KERALA

Ancient script found at Mathilakam belongs to eighth century: historian

M.G.S. Narayanan, Director General of Centre for Heritage Studies, examines the stone inscription found at Mathilakam, near Thrissur.– Photo: By Special Arrangement  

The ancient ‘Vattezhuthu’ script found at Mathilakam by the State Archaeology Department is believed to be from the eighth century, according to eminent historian and Director General of Centre for Heritage Studies M.G.S. Narayanan.

Preliminary examinations indicated that the ‘Vattezhuthu’ (a Malayalam script that was popular till 15th century) found at Mathilakam was of eighth century, Mr. Narayanan, who examined the stone inscription at the Kodungallur camp of the Archaeological Department, said.

The stone inscription was found from Kizhakkumburam, near Mathilakam Police Station, on June 27.

“It should be a portion of a big stone. Another stone inscription that was found from the same region has been kept at Mahatma Gandhi University. We should examine whether both belonged to the same stone,” Mr. Narayanan said.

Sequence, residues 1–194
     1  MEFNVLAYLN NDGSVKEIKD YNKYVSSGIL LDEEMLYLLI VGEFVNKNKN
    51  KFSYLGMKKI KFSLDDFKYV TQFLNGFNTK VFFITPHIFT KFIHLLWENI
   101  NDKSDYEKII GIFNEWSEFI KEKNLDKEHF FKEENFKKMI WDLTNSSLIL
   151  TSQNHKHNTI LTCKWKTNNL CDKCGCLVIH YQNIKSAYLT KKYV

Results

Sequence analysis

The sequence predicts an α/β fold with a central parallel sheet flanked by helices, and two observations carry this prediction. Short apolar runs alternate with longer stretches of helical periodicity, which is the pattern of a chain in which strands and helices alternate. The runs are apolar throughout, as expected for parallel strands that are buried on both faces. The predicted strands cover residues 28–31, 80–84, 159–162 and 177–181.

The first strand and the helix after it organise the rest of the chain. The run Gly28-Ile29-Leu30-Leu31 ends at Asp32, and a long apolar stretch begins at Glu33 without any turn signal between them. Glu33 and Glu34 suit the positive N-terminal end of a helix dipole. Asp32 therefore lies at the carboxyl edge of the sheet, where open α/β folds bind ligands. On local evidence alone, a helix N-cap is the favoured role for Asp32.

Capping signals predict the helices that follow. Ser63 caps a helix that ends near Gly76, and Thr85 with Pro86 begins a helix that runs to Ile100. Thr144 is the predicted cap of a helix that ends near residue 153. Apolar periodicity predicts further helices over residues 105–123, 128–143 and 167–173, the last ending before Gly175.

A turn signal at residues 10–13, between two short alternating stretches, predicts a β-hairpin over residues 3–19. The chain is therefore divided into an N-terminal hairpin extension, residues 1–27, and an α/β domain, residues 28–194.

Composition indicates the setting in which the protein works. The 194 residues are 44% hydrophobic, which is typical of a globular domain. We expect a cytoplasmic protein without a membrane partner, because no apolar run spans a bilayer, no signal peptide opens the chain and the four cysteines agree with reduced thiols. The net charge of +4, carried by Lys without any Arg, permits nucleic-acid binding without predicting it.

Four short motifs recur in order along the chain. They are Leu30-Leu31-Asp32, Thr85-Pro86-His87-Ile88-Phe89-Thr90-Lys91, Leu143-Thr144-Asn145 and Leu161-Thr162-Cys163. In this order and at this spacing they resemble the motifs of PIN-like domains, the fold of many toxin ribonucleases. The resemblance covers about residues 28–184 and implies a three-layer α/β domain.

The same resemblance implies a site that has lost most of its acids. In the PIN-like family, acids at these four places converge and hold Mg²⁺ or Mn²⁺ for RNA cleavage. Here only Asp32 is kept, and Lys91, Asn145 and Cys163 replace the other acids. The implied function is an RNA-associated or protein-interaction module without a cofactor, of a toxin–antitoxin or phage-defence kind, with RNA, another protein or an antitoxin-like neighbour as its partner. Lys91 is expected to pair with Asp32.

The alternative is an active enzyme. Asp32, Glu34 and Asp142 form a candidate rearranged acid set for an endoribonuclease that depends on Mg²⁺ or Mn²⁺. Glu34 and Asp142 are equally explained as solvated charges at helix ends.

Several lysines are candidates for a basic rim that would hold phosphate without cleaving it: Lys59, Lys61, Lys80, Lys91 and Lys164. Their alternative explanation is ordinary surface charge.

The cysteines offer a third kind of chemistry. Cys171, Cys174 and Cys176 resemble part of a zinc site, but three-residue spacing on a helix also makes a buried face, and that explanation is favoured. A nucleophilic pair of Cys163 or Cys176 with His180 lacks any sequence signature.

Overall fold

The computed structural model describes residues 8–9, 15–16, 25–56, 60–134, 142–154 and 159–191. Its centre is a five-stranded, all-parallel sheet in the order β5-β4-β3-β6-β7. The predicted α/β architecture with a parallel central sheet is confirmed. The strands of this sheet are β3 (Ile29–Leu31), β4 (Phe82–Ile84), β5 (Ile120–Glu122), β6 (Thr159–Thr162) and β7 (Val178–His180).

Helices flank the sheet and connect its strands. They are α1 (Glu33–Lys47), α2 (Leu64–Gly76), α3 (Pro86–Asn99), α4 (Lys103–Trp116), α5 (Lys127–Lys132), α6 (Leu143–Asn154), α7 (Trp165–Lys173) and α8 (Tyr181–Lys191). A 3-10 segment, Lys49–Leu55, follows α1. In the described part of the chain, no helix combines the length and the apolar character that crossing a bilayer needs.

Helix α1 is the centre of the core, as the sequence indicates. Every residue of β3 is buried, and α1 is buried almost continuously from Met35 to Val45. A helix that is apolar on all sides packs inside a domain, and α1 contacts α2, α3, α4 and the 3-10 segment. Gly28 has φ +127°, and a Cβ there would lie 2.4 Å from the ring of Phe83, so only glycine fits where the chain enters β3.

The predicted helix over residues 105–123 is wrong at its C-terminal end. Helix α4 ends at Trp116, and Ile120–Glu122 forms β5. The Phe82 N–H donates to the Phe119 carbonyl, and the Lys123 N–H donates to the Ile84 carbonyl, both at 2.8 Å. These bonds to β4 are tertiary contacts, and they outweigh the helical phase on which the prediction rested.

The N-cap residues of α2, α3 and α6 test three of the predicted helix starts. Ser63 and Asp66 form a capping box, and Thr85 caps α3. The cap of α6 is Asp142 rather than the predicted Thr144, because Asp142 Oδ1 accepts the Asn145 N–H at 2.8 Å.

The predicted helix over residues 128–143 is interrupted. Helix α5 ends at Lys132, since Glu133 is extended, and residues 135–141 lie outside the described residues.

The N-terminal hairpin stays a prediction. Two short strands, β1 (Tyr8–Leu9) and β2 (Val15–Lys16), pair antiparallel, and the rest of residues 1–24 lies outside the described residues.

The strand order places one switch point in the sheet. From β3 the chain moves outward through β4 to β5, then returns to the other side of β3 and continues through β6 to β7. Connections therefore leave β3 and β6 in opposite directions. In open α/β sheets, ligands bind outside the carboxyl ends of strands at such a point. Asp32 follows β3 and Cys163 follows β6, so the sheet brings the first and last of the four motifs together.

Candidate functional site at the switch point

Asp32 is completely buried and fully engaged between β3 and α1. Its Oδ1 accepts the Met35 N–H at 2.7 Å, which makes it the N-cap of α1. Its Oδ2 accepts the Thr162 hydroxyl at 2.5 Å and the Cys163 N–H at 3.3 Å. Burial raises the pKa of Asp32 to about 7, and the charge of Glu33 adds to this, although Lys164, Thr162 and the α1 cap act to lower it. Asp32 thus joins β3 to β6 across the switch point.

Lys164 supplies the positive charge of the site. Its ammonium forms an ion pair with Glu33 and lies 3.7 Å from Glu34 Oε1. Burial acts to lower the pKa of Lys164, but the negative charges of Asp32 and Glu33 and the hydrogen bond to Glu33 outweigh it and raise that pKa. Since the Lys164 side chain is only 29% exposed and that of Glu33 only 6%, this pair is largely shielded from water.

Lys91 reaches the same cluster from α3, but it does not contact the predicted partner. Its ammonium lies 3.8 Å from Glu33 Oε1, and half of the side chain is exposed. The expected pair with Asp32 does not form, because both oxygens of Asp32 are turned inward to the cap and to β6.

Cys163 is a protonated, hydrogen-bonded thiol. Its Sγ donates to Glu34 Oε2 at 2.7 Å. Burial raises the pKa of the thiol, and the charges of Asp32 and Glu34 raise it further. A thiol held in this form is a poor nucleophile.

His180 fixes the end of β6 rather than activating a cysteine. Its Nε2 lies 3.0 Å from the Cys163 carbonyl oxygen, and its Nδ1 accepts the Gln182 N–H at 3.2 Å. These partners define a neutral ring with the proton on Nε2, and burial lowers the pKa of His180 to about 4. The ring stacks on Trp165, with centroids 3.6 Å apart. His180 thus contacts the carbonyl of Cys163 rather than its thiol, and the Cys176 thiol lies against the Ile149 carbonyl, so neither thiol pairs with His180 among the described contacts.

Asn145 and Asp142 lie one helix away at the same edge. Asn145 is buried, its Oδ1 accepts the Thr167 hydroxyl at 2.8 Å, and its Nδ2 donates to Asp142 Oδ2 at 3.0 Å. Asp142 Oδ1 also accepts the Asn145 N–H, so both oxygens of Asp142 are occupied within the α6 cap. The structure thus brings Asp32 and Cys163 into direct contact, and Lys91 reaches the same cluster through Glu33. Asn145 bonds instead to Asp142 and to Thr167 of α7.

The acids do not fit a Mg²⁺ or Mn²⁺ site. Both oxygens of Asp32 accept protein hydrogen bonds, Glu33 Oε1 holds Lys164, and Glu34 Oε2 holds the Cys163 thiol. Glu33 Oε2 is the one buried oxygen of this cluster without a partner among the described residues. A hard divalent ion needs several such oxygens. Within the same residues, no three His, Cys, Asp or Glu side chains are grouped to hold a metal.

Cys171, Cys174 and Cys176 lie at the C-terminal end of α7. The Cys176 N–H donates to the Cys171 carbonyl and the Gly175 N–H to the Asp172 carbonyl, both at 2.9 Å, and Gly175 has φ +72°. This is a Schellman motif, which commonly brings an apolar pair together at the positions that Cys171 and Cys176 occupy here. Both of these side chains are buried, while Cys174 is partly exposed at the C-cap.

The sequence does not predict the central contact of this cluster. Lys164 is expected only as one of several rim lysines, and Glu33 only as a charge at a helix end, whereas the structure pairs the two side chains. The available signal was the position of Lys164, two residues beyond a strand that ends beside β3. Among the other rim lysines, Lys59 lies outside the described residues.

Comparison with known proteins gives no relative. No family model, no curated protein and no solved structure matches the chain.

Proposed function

Mathilakam was one of the famous Jain centres during Chera dynasty’s rule. There was a huge Jain temple in Mathilakam. The remnants of the temple are still found in the locality. Later, the Jain temple was transformed to a Shiva temple. The Dutch people took a huge ‘Sivalinga’ from the Siva temple to Cochin. Later it was installed at Gowda Saraswat Brahmin Temple, Mr. Narayanan pointed out.

“The findings indicate the need for more excavations at Mathilakam and Kodungallur area. The Mahodayapuram (Kodungallur’s old name) was the capital of Chera dynasty. Though some excavations were carried out in 1970, there was no follow up. The place where the huge Jain temple existed in Mathilakam is now a populated area. Modern methods should be used for research now,” he added. The State Archaeology Department had conducted a field survey recently in the area. Many historically important materials, including the stone inscription, was found from the area. They are kept at camp house of the archaeology department. The excavations will be started in September, according to Excavation Assistant Mohana Chandran.